| Project title: The influence of preferential flow on water and solute fluxes in the unsaturated zone |
Research need: Much unsaturated-zone water moves not as typically slow diffuse flow, but rapidly through preferential flow channels such as root holes and fractures. Impacts are profound and far-reaching for issues such as contaminant transport, ecohydrology, and aquifer recharge. Understanding is limited and accepted theory is lacking, making preferential flow a crucial and exciting area of earth science.
Intern responsibilities: The student will collaborate as a member of our team, and take responsibility for one or more particular research components. Such a component might be a set of lab or field experiments, development of a formula or algorithm for predicting the behavior or consequences of preferential flow, or developing a new technique for measurements or calculations. The student will participate in planning, interpreting, and preparing for publication of the research.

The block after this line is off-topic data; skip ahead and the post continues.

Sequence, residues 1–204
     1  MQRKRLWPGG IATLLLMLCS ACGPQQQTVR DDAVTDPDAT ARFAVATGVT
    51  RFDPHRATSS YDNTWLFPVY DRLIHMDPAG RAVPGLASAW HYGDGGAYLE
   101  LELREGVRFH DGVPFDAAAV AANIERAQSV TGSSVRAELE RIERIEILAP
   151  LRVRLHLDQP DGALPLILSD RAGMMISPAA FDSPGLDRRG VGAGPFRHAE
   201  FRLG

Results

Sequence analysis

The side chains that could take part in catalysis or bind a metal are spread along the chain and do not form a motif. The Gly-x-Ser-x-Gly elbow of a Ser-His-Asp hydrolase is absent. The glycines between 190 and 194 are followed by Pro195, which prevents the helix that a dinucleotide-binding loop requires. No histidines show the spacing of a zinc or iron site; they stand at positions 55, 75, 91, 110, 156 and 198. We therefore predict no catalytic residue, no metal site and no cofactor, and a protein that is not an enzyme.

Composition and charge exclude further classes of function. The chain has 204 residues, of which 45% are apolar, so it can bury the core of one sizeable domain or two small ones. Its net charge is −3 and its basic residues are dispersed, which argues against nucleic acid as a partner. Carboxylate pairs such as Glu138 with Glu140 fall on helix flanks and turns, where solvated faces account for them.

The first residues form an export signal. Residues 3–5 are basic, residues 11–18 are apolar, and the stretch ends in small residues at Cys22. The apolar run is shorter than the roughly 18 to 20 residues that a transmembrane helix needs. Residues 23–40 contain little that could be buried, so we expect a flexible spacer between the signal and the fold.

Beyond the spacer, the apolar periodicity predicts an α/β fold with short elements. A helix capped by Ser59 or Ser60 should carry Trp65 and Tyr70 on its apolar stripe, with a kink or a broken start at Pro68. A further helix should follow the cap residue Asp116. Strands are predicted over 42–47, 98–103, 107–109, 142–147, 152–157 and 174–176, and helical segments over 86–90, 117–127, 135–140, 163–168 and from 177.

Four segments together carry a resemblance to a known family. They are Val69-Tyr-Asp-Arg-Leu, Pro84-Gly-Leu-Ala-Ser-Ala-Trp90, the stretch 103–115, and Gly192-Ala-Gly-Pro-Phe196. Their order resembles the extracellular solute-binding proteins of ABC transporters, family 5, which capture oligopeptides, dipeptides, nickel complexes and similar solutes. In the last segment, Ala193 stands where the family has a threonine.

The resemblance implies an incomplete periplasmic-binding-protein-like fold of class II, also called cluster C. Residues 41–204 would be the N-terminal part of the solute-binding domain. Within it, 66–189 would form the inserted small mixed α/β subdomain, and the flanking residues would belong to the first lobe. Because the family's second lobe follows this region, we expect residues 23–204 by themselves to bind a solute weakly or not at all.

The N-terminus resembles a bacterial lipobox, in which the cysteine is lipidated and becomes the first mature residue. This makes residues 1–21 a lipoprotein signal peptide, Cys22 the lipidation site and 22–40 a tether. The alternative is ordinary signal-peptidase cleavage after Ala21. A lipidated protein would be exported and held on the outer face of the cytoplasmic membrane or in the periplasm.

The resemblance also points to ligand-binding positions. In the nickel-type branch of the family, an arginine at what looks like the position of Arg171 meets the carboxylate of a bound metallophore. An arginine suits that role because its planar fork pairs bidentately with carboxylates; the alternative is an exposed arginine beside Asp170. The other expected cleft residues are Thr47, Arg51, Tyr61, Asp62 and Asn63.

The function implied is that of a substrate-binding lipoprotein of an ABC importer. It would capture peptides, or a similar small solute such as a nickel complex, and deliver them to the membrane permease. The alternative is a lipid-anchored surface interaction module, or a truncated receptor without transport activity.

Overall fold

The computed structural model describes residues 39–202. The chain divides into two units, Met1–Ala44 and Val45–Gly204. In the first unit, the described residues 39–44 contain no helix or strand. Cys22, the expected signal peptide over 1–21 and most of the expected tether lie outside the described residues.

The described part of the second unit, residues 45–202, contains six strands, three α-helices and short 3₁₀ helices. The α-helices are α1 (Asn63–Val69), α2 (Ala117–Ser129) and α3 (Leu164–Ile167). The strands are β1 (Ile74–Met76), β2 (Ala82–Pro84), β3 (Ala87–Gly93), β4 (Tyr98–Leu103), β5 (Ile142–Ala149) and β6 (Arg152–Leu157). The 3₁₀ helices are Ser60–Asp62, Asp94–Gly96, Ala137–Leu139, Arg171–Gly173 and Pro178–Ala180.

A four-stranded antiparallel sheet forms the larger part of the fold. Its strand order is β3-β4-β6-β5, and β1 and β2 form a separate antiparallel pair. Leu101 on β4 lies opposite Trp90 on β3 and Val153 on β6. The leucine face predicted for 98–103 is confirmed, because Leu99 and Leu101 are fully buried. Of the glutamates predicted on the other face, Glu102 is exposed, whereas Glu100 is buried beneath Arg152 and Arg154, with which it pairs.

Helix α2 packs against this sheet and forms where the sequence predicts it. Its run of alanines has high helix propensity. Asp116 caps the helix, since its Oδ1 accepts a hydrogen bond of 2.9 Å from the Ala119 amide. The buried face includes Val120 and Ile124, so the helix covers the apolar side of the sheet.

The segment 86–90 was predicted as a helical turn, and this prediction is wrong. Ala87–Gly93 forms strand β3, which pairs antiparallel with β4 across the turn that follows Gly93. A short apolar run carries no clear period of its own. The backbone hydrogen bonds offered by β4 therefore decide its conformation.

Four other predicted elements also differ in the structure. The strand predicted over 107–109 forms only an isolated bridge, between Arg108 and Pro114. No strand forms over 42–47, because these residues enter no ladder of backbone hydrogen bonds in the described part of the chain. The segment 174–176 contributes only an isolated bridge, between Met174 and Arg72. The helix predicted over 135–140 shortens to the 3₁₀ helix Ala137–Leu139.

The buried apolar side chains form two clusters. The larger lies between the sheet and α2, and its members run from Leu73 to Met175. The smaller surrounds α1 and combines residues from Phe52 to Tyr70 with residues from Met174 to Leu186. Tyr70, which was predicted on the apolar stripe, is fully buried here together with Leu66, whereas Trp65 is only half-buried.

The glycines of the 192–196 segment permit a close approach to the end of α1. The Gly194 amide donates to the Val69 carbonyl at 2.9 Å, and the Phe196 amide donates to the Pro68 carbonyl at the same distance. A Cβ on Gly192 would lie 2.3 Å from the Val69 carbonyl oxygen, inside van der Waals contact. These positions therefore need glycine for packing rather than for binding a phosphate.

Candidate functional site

Expected outcome: The project will produce substantial material for one or more journal publications, to advance the understanding and theory of preferential flow and build a foundation for solving critical problems such as rapid contaminant transport and episodic aquifer recharge. The USGS will benefit from this contribution to its mission of evaluating the problems and effective utilization of water resources. The student will benefit by first-hand acquaintance with the ideas and research practices of USGS scientists, practical experience with cutting-edge research techniques, and achieving research contributions to thesis work and to published scientific knowledge.
Duration: Up to 12 months
Point of contact and mentor: John Nimmo, firstname.lastname@example.org